Now it was not a fear of people or being caught. It was a curiosity of what was getting us so rattled. Mitch turned and leaned into the kitchen. As Bill stood and walked over to him I opened up the double doors in the auditorium. I leaned over the serving counter scanning the kitchen. All was quiet, not a thing out of place. Clean, quiet and terrifying. Our curiosity was the driver now though. We had to see what it was that generated this fear.
Mitch walked into the kitchen and stood at its center. Bill followed him in but only a few steps. He stood still holding the door, obviously ready to turn and flee. The three of us scanned the kitchen over and over again. We looked for odd shapes, out of place shadows but failed to find anything unusual. With each search we gain back some level of comfort but never enough to let us relax our shoulders or blink.
Mitch turned with a smile and began to let out an uncomfortable chuckle. He was suddenly interrupted by the sound of smashing pots, pans and other metal kitchen objects. We all jerked our heads over to the sink at my right. It was clean and undisturbed. The smashing continued and I turned my head over to the opposite side of the kitchen. In my quick and frantic scan I did not see anything out of place. The counters were untouched and cupboards closed The source of our vociferous kitchen band remained hidden. By the time my head was fully turned I had seen Bill’s last step through the door and Mitch on his way out with matched fear.
I pushed myself back off the counter and fell over my own feet, frantically twisting to begin my run. My strides projected a demonstration of terror. Across the auditorium and down the other hall because there was no way in hell I would pick the closer door. I had to run alongside the kitchen to get to it and after I got out I would still have to run past the outside kitchen door. Bill and Mitch had the same thoughts choosing their escape route too.
It seemed like I wasn’t making space. Wherever this loud crashing came from it got more intense as I ran. Where others would scream poetic profanity I breathed heavy and pumped my arms with the powerful cadence of my feet. Louder and louder the evil symphony got. Bill hit the exit door hard without slowing down. Now the smashing was happening right next to my ears. I could have sworn people were hitting pots, pans and spoons together just on my shoulder. Then Mitch made it through the door with equal enthusiasm Bill’s exit. I saw the door swing wide and hard hitting the outside wall but I could not hear it. The noise of the kitchen was pulling ahead. Something I could not see was closing around me. My ears were so abused that my eyes began to hurt.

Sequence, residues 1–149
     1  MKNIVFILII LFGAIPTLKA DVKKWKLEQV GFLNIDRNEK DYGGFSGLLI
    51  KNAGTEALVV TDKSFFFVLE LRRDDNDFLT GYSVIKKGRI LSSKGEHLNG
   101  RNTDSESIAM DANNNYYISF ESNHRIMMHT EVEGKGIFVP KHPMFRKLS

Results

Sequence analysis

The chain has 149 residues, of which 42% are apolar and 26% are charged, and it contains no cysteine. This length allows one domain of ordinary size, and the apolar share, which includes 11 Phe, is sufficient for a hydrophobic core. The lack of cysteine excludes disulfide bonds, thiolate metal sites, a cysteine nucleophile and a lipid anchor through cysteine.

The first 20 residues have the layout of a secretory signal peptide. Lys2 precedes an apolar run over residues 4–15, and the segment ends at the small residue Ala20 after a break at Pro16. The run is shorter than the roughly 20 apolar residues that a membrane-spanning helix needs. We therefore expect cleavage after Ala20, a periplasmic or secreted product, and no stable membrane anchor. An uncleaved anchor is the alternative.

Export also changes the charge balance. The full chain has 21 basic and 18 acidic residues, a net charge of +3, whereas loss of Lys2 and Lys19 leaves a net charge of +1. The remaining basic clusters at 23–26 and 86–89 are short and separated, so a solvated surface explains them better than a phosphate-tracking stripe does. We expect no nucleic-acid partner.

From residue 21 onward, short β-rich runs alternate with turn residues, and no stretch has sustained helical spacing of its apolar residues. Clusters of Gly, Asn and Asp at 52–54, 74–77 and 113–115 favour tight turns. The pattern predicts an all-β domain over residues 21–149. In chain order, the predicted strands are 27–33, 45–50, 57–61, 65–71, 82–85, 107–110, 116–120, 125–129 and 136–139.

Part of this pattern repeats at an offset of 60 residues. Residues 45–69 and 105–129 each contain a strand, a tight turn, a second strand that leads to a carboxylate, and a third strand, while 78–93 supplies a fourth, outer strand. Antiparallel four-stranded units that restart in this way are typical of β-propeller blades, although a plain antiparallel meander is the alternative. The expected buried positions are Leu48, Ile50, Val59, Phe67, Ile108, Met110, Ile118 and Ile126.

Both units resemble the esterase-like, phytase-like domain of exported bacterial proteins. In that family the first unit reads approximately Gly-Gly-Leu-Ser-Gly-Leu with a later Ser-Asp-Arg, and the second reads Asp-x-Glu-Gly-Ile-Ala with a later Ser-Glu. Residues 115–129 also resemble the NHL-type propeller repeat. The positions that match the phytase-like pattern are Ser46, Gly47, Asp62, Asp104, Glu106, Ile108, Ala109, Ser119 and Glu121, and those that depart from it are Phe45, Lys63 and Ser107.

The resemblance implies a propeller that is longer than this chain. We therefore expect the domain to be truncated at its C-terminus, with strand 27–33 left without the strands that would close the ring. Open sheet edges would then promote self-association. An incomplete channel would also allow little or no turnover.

I have to get out. I cannot slow. If that door swung back around I would break it off the hinges. This crashing turbulence was tangible, surrounding me and tearing my ears a part. Until my shoulder drove through the door. The pots and pans stopped abruptly, replaced with a wicked and malicious laugh. I continued my pace, focused on staying with my friends. The laugh faded and the presence that had almost surrounded me was not in pursuit.
Once outside we of course did not stop. Who would? The three of us were both in good shape but this run would impress an olympian. Once we got away from the church the road was dark. All of us continued until the next well lit street.
Bill stopped directly under a street lamp, hands pushed down onto his knees as Mitch and I joined him. Our collective attention stared up the dark street we had come from, watching yes, but most of all listening. Heavy breathing was all that filled the darkness.
“What the fuck was that?” Mitch said. Keeping is voice low.
Bill and I did not answer.

Credit To – Mancub2489